Antibiotic therapy should be considered for those who have failed initial I&D (incision and drainage) with Word catheter placement, patients with systemic symptoms including fever, patients who have suspected sepsis, and those considered at high risk for recurrence.
Marsupialization is performed by a gynecologist in the operating room, and for this reason, incision and drainage with Word catheter placement are usually attempted first. Marsupialization is performed by creating a 2-cm incision lateral to the hymenal ring, everting the edges with forceps, and suturing the edges onto the epithelial surface with interrupted absorbable sutures.
Other less common procedures include silver nitrate ablation, carbon dioxide laser vaporization, Jacobi ring placement , and Bartholin gland excision as a last resort when other modalities have failed.
Women who are pregnant and have Bartholin abscesses should be treated in the same manner as nonpregnant women, with the exception of Bartholin gland excision due to the increased risk of bleeding.
In the WoMan-trial (world catheter and marsupialization in women with a cyst or abscess of the Bartholin gland), a randomized controlled trial in the Netherlands and England between August 2010 and May 2014, 161 women were randomly allocated to treatment by Word catheter or marsupialization to compare recurrence of a cyst or abscess within 1 year.
Recurrence occurred in 10 women (12%) in the Word catheter group and 8 women (10%) in the marsupialization group. Within the first 24 hours after treatment, 33% used analgesics in the Word catheter group versus 74% in the marsupialization group. Time from diagnosis to treatment was 1 hour for placement of Word catheter versus 4 hours for marsupialization.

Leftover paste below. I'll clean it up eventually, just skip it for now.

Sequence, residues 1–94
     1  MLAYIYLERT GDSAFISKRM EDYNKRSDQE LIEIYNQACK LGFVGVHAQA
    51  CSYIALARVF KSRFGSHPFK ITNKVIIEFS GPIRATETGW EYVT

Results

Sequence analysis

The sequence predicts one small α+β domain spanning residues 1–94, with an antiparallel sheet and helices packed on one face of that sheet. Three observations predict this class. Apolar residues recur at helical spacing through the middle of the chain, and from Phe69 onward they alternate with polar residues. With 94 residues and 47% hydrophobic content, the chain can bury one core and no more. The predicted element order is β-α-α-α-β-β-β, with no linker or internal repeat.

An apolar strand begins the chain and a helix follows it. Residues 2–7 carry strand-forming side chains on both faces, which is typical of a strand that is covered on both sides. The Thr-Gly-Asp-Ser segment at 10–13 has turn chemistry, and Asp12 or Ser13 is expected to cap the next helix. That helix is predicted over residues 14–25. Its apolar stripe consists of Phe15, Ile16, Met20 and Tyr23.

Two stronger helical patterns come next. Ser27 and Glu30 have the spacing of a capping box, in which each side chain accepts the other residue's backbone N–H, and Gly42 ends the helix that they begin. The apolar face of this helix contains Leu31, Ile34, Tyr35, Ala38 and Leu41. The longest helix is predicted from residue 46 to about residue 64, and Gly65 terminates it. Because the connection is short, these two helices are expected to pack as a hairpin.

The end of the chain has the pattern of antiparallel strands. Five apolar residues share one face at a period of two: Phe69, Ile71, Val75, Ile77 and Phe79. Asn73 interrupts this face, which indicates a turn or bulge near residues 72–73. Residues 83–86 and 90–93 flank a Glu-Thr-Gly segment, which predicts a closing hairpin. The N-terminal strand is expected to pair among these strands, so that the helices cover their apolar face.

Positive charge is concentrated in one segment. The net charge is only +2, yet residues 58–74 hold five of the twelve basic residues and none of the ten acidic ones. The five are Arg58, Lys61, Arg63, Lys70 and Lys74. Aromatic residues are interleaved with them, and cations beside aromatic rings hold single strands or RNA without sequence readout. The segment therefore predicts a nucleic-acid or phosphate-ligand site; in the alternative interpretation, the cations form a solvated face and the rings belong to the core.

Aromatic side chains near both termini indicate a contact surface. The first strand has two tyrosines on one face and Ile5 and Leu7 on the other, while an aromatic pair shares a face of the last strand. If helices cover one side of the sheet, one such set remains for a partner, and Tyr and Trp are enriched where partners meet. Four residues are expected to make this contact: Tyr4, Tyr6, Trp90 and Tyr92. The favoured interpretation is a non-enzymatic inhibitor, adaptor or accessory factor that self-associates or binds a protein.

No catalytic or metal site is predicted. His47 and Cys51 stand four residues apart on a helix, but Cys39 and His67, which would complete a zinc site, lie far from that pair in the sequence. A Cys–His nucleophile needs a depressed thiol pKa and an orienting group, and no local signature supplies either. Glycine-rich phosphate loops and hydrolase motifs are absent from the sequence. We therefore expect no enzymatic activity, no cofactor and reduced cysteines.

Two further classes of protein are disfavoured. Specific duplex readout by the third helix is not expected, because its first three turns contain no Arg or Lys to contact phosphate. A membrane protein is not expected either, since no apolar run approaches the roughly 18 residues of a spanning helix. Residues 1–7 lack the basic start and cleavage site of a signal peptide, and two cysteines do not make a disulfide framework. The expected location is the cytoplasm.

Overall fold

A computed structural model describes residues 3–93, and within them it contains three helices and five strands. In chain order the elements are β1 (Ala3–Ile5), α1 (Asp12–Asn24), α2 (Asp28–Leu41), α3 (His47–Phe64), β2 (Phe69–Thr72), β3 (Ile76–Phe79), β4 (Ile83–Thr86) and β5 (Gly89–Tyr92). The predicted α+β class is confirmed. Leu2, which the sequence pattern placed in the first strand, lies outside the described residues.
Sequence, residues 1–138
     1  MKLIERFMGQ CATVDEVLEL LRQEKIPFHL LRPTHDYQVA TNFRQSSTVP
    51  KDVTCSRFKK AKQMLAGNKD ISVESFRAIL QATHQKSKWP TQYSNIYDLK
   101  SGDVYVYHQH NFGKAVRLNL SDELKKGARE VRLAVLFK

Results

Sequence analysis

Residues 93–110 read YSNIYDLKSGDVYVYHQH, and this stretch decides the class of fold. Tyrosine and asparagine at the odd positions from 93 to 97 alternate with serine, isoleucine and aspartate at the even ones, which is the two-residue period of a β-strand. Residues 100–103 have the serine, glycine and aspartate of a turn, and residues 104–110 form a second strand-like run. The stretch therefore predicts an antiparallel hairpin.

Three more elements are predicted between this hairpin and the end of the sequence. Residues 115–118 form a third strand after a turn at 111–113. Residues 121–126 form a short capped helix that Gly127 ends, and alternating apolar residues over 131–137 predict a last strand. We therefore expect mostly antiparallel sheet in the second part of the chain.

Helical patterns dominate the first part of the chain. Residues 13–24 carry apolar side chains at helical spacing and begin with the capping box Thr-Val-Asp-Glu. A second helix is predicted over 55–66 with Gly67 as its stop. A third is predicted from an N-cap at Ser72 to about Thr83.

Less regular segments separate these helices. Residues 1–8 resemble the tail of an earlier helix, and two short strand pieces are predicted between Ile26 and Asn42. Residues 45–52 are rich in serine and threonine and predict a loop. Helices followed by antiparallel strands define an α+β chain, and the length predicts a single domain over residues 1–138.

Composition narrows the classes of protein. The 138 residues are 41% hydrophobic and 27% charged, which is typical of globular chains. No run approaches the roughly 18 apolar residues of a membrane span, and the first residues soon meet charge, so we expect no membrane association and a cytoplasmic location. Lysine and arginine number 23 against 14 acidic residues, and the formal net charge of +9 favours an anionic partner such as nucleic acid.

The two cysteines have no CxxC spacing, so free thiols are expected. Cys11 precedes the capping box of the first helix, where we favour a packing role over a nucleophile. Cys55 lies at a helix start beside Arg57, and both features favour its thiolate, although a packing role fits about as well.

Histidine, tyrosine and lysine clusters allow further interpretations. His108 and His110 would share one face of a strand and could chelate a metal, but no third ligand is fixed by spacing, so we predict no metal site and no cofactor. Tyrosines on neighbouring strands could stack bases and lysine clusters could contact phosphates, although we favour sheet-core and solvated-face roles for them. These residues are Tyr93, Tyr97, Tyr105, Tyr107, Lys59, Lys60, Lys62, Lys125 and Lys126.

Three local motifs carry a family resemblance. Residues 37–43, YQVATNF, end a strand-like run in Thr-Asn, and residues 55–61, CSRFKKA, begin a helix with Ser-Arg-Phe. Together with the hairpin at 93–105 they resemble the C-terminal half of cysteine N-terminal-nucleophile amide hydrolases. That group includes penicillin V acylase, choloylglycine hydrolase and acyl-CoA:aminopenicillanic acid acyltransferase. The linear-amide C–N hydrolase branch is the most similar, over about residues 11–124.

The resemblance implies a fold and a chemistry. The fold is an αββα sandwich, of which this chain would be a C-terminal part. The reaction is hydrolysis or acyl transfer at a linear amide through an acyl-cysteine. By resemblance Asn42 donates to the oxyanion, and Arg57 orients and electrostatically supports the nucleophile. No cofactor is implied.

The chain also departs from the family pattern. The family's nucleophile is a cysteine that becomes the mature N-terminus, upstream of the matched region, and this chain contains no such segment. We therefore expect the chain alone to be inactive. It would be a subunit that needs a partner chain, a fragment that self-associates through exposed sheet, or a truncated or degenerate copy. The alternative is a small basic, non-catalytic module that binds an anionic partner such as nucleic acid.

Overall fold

Recurrence rates were found to be comparable within the two groups; however, the marsupialization group had increased use of analgesics within the first 24 hours and increased the duration of treatment.
The prognosis is excellent but if the cyst is just aspirated, high recurrence rates have been reported. The healing and recurrence rates are similar among fistulization, marsupialization, and silver nitrate and alcohol sclerotherapy. Needle aspiration and incision and drainage, the two simplest procedures, are not recommended because of the relatively increased recurrence rate.
The treatment of Bartholin's gland cysts by traditional surgery is characterized by some disadvantages and complications such as hemorrhage, postoperative dyspareunia, infections, the necessity for general anesthesia. Contrarily, CO2 laser surgery might be less invasive and more effective as it solves many problems of traditional surgery.
Sitz baths are recommended for a few days. Early ambulation and consumption of an ample amount of water are highly recommended.
The clinician, the nurse, and the pharmacist play a pivotal role in educating patients and their families about their condition. Women should be instructed to observe for any signs of infection, such as foul-smell vaginal discharge or any abnormal bleeding. Women should be encouraged to drink an ample amount of water and ambulate early, as this will help to speed their recovery.
The nurse, the clinician, and the pharmacist must collaborate efficiently during the care of women with Bartholin gland pathology, in order to achieve the best possible outcome for these women and their families. Women with a Bartholin gland cyst are usually first seen by the primary care provider, nurse practitioner or internist. Because of the extensive differential, it is important to involve the gynecologist in the care of these patients.
The pharmacist has a very important role in educating patients about the available antimicrobial agents and in providing them with the required information about drug-drug interactions, in order to avoid any possibly preventable complications. The pharmacist should educate the patient on compliance and encourage them to immediately report any adverse events or any concerns.
While the actual drainage or marsupialization is done by the gynecologist, the patient follow up and teaching are done by the nurse practitioner. The nurse practitioner should educate the patient on how to perform sitz baths and maintaining perineal hygiene. If antibiotics are prescribed. All patients need a follow up to ensure healing has occurred.
The best standard of care to women with Bartholin gland cysts or abscesses could never be achieved without the interprofessional collaboration between the nurse, the clinician, and the pharmacist. Clear and effective communication among the members of the interprofessional team is key to the successful management of women with Bartholin gland pathology. [Level V]